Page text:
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April 25, 2014
Sunday, December 8, 2013

The looting season

A pedestrian walks behind a burning barricade set up to discourage looters and robbers during a police strike in Cordoba last week.
By James Neilson
For the Herald

CFK government making enemies’ lives unpleasant

Unlike the looting spree that, to widespread bewilderment, wreaked havoc in London and other British cities a couple of years ago, what happened in Córdoba last week did not come as a surprise. In Argentina, people in the retail trade, especially those who look after supermarkets and the numerous Chinese establishments, have long been aware that the looting season begins when the summer holidays are fast approaching and, with luck, ends soon after the new year has been ushered in.

This time round they are especially worried. It is not just that inflation has been devouring pay packets, leaving many people hard up. Even more ominous, in their view, is the political outlook. What they and others fear is that “militants” recruited by Cristina’s government may feel it is in their interest to run amok in opposition strongholds such as Córdoba, Santa Fe and, in the view of the more bellicose, Buenos Aires Province.

The new Cabinet Chief Jorge Capitanich, along with interior minister Florencio Randazzo and the man in charge of security, lieutenant colonel Sergio Berni, did not go out of their way to disabuse them. Far from it. As soon as the mayhem in Córdoba hit the television screens, they made the most of it by blaming it all on governor José Manuel de la Sota for not preventing the local police from going on strike and, just to make sure he got the message, let him know they would not be sending any gendarmes to restore order. Apparently, Cristina had told them to bide their time so De la Sota, a Peronist who dislikes the Kirchnerite government, could stew in his own juice for a while. Later, after De la Sota had returned from an official trip to Central America, she changed her mind, but by then the damage had been done.

Refusing to lend a helping hand to a provincial governor when he needed it was only to be expected from Cristina. To build what they hoped would be an impregnable power base, first Nestor Kirchner and then his wife made it their business to discriminate, systematically and blatantly, between “their” provinces and those in enemy hands. Friendly governors get loads of public money, the rest have to beg for scraps. Until quite recently, the scheme paid handsome dividends; not just Peronist governors but even some Radical ones prostrated themselves before their liege lord and his lady to swear life-long loyalty to “the project” and “the model”. But since it became plain that Cristina would not manage to remain in office after December 2015 and she was seeing her power slip away at an alarming rate, such opportunists have been looking for alternatives. Few doubt that, to keep them in line, Kirchnerite operators will make full use of their considerable ability to make trouble.

In most democratic countries, the national government understands that it will lose face if things start going badly wrong in any place where its writ is supposed to run. In Argentina, the government has grown accustomed to exploiting the difficulties not only of its foes but also of allies as fulsomely subservient as Daniel Scioli who are suspected of having their own interests, not just Cristina’s, at heart. That is why many assume that Kirchnerites have been behind the long teachers’ strikes that periodically interrupt schooling in Buenos Aires Province, and that on occasion Cristina has deprived Scioli of funds to pay public employees. It is her way of reminding him who is in charge. Would the La Cámpora boys be capable of encouraging looters to do their worst? They certainly would if they thought that they could get away with it.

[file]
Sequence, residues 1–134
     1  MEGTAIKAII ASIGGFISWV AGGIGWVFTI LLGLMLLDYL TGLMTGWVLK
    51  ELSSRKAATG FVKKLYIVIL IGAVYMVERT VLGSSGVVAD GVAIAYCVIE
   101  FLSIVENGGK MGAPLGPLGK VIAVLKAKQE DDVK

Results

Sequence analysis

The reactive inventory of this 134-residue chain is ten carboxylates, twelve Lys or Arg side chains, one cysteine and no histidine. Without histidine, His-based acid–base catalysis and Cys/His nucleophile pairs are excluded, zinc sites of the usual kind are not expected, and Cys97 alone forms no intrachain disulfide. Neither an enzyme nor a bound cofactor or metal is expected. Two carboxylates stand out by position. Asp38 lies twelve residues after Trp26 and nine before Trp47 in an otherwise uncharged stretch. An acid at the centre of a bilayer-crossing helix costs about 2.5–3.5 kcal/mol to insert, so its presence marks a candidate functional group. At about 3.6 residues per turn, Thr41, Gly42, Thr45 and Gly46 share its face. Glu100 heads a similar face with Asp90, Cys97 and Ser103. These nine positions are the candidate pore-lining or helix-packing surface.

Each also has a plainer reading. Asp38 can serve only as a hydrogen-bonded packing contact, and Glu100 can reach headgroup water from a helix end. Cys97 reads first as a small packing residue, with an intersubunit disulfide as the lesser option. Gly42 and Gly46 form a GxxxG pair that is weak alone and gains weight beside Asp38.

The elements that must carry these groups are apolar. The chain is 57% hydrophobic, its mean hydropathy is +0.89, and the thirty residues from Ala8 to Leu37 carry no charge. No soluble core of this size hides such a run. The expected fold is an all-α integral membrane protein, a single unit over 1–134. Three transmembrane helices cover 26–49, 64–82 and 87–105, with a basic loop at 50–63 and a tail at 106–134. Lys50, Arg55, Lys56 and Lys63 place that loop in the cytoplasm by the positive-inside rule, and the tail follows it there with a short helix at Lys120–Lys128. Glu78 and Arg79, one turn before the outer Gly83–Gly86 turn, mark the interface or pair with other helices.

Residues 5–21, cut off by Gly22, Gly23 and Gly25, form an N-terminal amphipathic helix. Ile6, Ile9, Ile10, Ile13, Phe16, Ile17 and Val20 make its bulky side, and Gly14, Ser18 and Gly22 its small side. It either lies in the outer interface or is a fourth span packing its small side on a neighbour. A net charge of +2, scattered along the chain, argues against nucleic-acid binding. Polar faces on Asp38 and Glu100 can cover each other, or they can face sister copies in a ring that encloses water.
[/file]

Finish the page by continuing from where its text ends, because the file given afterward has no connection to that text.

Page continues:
When over a week ago some supermarkets near Rosario were pillaged, the Santa Fe governor and other officials pointed their fingers as the drug cartel bosses who think they own parts of the city and object to attempts by the local authorities to poke their noses in. Observers in Córdoba essayed similar theories when they saw squadrons of motorcyclists roaming about attacking homes, shops and people who looked unable to fight back. But though it may be assumed that many looters were either drug peddlers or customers, it seems a bit far-fetched to make out the country is under attack from hordes of them, whether allied or not with bent cops determined to take over what is a temptingly lucrative business.

In any event, whenever looting starts, the individuals who presumably work for some criminal mastermind are soon joined by “ordinary” folk who make the most of a chance to get hold of some free stuff. Youthful thieves in Córdoba were proud enough of their exploits to film and then post videos online, much as do devotees of the increasingly popular “knockout game” in the US. In some cases, their vanity will land them in jail.

Unless we are lucky, Argentina is in for a very hot summer. As money dries up, the genuinely poverty-stricken who survive on government handouts, young people who already know they have no future, and disgruntled political activists who feel they have been betrayed by Cristina or who, encouraged by the willingness of Capitanich, Randazzo and company to try and make some political capital out of a monumental disaster, think she wants them to make life unpleasant for her many enemies, are providing themselves with all the excuses they need to lash out against the established order. The Buenos Aires Province security minister Alejandro Granados was right to say there was a “lot of psychosis” going the rounds but, as he surely realizes, in the current circumstances even a little “psychosis” can be dangerous.

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